Affinis Fracture ceramic head (used in shoulder replacements)

Related information

Hazard alert - update to instructions to reduce risk of inadequate fixation

24 December 2014

Consumers and health professionals are advised that Mathys Orthopaedics, in consultation with the TGA, has issued a hazard alert for its Affinis Fracture ceramic head. Mathys Orthopaedics has also initiated a recall for product correction to update the Instructions for Use (IFU) and Surgical Technique documents.

Affinis Fracture ceramic head is a component of an implant used in shoulder replacement surgeries. It replaces the humeral head in the shoulder joint.

affinis ceramic head implant

It has been identified that there is a risk of disconnection of components of the implant from each other due to inadequate fixation during surgery. The risk is being reduced by updating the IFU and Surgical Technique documents to provide surgeons clear instructions for the procedure associated with this particular device.

If a disconnection occurs, the patient may experience pain and/or loss of function and will require revision surgery to correct the problem.

Mathys Orthopaedics is undertaking the same recall actions for its Affinis Inverse inlays ceramys, but this device has not been supplied in Australia.

Information for consumers

Mathys Orthopaedics has written to orthopaedic surgeons who have implanted Affinis Fracture ceramic heads providing further information about this issue.

If you have had a shoulder replacement and experience unexpected pain in your shoulder or loss of function, or if you have any questions or concerns about the above issue, you should contact your surgeon or the hospital where the surgery was performed.

Information for all health professionals

Mathys Orthopaedics has written to orthopaedic surgeons who have implanted Affinis Fracture ceramic heads providing further information about this issue.

If you are treating a patient who has had a shoulder replacement and they present with unexpected pain or loss of function, of if they have any questions or concerns about this issue, refer them to their surgeon or to the hospital where the surgery was performed.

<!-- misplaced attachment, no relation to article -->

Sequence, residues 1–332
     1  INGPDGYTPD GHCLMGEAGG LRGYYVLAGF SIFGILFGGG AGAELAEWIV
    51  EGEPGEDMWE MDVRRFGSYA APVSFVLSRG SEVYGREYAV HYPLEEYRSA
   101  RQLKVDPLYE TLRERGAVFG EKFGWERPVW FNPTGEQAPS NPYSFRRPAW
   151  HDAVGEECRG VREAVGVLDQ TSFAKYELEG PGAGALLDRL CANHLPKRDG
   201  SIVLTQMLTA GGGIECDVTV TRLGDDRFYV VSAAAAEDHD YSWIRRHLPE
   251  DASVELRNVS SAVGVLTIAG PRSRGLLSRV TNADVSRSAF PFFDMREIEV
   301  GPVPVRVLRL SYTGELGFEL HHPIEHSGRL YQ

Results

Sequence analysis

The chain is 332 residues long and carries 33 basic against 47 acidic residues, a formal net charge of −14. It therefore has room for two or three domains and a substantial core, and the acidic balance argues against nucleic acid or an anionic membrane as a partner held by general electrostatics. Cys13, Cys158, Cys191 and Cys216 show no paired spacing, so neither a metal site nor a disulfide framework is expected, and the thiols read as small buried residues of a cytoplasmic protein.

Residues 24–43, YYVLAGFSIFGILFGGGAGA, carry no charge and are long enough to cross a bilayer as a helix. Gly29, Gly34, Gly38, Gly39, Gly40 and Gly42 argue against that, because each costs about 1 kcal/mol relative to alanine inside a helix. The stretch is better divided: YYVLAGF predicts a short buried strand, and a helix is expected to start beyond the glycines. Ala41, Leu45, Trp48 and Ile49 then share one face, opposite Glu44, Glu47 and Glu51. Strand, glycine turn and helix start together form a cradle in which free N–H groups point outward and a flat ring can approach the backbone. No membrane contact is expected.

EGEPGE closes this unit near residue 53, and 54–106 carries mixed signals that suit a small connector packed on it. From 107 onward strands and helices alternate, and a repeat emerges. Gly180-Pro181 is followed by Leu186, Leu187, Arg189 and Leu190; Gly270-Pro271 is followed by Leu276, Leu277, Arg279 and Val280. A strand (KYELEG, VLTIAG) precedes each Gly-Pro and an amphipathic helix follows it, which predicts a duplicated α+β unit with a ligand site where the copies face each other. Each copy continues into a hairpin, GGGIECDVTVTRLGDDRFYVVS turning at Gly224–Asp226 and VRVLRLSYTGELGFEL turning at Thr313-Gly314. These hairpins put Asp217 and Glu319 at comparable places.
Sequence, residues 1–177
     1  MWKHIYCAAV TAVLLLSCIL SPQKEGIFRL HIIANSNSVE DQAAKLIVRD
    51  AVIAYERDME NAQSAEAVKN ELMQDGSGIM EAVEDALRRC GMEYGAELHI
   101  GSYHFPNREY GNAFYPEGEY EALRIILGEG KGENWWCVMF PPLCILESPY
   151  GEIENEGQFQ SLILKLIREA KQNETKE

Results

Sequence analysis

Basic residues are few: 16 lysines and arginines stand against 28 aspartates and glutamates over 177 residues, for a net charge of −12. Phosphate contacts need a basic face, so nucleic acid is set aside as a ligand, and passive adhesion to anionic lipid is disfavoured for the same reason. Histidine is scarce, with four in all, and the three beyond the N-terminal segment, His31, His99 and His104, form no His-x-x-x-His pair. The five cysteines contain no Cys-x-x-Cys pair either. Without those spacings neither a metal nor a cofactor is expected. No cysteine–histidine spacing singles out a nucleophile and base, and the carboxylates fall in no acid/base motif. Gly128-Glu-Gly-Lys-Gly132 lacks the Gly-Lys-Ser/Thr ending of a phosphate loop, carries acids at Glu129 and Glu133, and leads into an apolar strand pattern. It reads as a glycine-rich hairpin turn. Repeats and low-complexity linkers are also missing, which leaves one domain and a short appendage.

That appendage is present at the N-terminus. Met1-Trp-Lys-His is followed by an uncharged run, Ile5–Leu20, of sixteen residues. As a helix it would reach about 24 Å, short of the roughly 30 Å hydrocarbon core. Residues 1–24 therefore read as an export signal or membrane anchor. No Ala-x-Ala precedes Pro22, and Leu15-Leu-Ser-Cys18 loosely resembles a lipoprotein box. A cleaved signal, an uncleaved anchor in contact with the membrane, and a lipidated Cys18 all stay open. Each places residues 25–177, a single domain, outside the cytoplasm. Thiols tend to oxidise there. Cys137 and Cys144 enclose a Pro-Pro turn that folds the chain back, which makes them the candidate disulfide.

Information for orthopaedic surgeons

Mathys Orthopaedics has received post-market notifications of disconnections of Affinis Fracture ceramic heads.

Investigations revealed that the disconnections may have resulted from inadequate primary fixation due to insufficient head-cone connection or by protruding bone residue, cement residue or soft tissue fragments inside the cone connection.

When implanting an Affinis Fracture ceramic head, it is recommended that you:

  • clean and dry the stem component
  • remove any protruding bone and soft tissue fragments
  • mount the ceramic head onto the cone with a positive fit by applying rotation and axial pressure
  • place the head impactor on the pole of the ceramic head and, with a gentle stroke of the hammer in axial direction on the head impactor, fixate the ceramic head firmly on the bone.

These recommendations and other instructions have been added to the IFU and Surgical Technique. You should replace all IFU and Surgical Technique documents with the up-to-date versions in your hospital or practice.

If you have any questions or concerns regarding this issue, contact Mathys Orthopaedics on 02 9417 9200.

Reporting problems

Consumers and health professionals are encouraged to report problems with medical devices. Your report will contribute to the TGA's monitoring of these products. For more information see the TGA Incident Reporting and Investigation Scheme (IRIS).

The TGA cannot give advice about an individual's medical condition. You are strongly encouraged to talk with a health professional if you are concerned about a possible adverse event associated with a medical device.